8th February 2018
1. Changes to the Community Infrastructure Levy
1. Changes to the Community Infrastructure Levy
The Government proposed a number of reforms to the Community Infrastructure Levy (‘CIL’) in last year’s Autumn Budget, including:
• Lifting the restrictions on pooling s.106 contributions in “certain circumstances” – most notably for strategic sites in areas where the local authority has already adopted CIL;
• Making the procedure for setting and adopting CIL faster and more streamlined "to make it easier to respond to changes to the market";
• Allowing charging authorities to set rates based on the uplift in land values between an existing use and a proposed use;
• Changing indexation of CIL rates to enable them to be in line with house price inflation, rather than build costs; and
• Giving Combined Authorities and planning joint committees with statutory plan-making functions the option to levy a Strategic Infrastructure Tariff. This will allow for a greater amount of the land value uplift to be captured when planning permission is granted.
The proposals will be consulted on in due course, but there is currently no set date.
2. Permission in principle
In April 2017, regulations came into effect that required all local authorities to publish their brownfield land registers by 31 December 2017. However, research carried out by a group of campaigners found that one in five Councils had missed the deadline, although the newly-named Ministry of Housing, Communities and Local Government has suggested that many authorities published registers immediately after the 31 December deadline.
The registers will assist in facilitating the granting of permission in principle, which is a new form of automatic planning consent for housing and related development for sites on brownfield registers with the aim to provide a fast-track route through the planning process and speed up housing delivery. The Town and Country Planning (Permission in Principle) (Amendment) Order 2017, which is due to come into force on 1 June 2018, will allow developers to apply for permission in principle for minor housing developments of fewer than 10 homes. It has been suggested, however, that although this new route may reduce risk, it will not be a cheaper route and take up may be slow.
3. Planning fee increases
On Wednesday 17 January 2018, the Town and Country Planning (Fees for Applications, Deemed Applications, Requests and Site Visits) (England)(Amendment) Regulations 2017 came into force. These allow local authorities in England to increase planning application fees by 20%, with the aim of assisting under-resourced local planning authorities to invest more in their planning departments.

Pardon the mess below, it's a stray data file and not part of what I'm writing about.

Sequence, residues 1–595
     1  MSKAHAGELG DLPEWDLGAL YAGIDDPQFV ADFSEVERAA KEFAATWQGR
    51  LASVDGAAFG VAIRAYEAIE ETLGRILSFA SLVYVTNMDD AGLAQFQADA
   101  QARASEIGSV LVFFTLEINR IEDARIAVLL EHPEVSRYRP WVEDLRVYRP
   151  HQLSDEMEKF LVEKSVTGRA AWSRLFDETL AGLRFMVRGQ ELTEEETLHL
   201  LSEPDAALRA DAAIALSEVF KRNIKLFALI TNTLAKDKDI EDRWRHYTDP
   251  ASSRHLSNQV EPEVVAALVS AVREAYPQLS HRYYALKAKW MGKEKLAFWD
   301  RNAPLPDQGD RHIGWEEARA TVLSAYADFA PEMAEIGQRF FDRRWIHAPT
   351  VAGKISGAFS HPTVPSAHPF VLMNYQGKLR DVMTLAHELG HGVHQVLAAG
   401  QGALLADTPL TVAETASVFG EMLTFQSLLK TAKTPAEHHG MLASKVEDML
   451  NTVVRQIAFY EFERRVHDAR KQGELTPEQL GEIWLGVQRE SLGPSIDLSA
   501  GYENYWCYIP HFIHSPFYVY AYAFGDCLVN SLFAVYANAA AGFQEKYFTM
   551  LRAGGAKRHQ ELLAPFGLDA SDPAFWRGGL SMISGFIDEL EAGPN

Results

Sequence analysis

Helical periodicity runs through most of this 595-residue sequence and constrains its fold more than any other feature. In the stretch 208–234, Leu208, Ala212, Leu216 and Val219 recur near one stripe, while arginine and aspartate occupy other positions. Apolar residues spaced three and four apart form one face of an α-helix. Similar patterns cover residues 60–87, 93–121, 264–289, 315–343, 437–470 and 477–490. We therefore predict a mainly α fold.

The regulations, which were proposed in the Government's Housing White Paper, also prescribe fees for planning permissions in principle, allow fees to be charged where applications are necessary because permitted development rights have been withdrawn through Article 4 directions or by condition, and also introduce a fee of £96 for prior approval applications to certain permitted development rights.
4. New planning minister and renamed department
The Prime Minister’s cabinet reshuffle on 9 January 2018, saw the appointment of new Housing Minister, Dominic Raab, just seven months after the previous Housing Minister, Alok Sharma, took up the post. Dominic will have responsibility for both housing and planning.
The reshuffle also saw a change of name for the Department for Communities and Local Government which became the Ministry of Housing, Communities and Local Government and housing was also added to Sajid Javid’s title to become Secretary of State for Housing, Communities and Local Government.
It is not yet clear what impact the changes have in terms of the roles and responsibilities of the department and ministers or whether these changes will have an impact upon any of the reforms proposed to take place this year, such as the National Planning Policy Framework.
5. NPPF changes
A number of changes to the National Planning Policy Framework, which were proposed by the Government in December 2015, are due to be published before the end of the summer this year. Melanie Dawes, Permanent Secretary of the Ministry of Housing, Communities and Local Government, has said that she wants a consultation version of the revised document to be published before Easter but it is unclear whether the new cabinet reshuffle and newly appointed Dominic Raab will delay when the new guidance is likely to be published. Watch this space!
6. Richborough Estates Ltd and others v Secretary of State for Housing, Communities and Local Government  EWHC 33 (Admin)
The much anticipated decision in the Richborough Estates Limited & Ors v SoS case was determined on 12 January 2018, with Mr Justice Dove ruling that there were no legal flaws made in the written ministerial statement on neighbourhood plans (NPs).
A number of housebuilders originally challenged the validity and weight attached to the written ministerial statement published in December 2016, which stated that NPs should not be deemed out of date where NPs allocated housing and the local planning authority could demonstrate a three-year housing land supply.
The judgment means that the written ministerial statement is still relevant in planning decisions.
It is yet to be seen whether the housebuilders intend to take this to the Court of Appeal, but the indications so far are that they may appeal in respect of part of the judgment, specifically in respect of legitimate expectation for consultation.